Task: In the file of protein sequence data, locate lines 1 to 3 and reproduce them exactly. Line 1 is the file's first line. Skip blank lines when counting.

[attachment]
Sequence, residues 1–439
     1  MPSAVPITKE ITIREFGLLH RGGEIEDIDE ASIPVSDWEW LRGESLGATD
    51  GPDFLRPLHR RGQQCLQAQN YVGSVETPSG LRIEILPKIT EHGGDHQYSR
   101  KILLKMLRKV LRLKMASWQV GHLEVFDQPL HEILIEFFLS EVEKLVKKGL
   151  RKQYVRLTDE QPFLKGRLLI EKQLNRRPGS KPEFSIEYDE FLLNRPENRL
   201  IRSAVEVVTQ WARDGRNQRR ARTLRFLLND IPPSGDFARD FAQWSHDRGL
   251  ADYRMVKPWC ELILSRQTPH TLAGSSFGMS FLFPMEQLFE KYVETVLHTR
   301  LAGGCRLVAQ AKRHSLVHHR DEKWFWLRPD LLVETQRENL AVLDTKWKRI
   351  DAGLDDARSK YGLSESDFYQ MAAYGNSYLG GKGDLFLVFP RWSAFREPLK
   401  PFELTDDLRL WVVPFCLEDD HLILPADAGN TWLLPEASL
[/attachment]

Sequence, residues 1–439
     1  MPSAVPITKE ITIREFGLLH RGGEIEDIDE ASIPVSDWEW LRGESLGATD
    51  GPDFLRPLHR RGQQCLQAQN YVGSVETPSG LRIEILPKIT EHGGDHQYSR